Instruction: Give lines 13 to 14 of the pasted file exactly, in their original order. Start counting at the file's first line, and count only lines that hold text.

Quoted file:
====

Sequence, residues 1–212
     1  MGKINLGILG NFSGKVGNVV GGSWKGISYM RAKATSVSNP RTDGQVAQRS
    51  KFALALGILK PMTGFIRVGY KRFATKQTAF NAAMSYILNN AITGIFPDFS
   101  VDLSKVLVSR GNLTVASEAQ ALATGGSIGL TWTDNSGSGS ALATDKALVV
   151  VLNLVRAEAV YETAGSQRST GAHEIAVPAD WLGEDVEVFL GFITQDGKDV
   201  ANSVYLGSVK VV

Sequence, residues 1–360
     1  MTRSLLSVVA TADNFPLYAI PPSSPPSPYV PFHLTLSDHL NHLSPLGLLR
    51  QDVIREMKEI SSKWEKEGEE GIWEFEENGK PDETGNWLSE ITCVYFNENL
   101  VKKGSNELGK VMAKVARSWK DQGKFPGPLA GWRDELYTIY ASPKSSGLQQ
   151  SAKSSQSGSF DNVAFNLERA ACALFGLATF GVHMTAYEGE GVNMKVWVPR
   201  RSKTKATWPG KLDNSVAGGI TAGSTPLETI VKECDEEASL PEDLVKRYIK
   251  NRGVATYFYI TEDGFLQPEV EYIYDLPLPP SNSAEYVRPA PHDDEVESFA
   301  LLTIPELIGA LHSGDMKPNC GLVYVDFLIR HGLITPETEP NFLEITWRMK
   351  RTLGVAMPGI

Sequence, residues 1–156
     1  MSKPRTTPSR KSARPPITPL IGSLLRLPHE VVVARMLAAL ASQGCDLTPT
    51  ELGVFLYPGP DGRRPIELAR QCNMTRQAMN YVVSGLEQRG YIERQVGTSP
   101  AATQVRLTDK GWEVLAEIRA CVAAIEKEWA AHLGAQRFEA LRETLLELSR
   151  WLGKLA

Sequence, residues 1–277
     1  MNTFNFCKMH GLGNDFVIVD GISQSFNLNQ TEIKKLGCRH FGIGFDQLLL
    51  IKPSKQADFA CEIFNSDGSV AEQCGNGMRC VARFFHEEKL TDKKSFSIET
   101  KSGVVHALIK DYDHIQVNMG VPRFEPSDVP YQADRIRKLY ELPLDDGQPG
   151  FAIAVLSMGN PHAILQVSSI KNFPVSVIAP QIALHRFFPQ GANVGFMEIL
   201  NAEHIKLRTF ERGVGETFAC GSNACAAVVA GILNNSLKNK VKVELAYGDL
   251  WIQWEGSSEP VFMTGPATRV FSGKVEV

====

   251  NRGVATYFYI TEDGFLQPEV EYIYDLPLPP SNSAEYVRPA PHDDEVESFA
   301  LLTIPELIGA LHSGDMKPNC GLVYVDFLIR HGLITPETEP NFLEITWRMK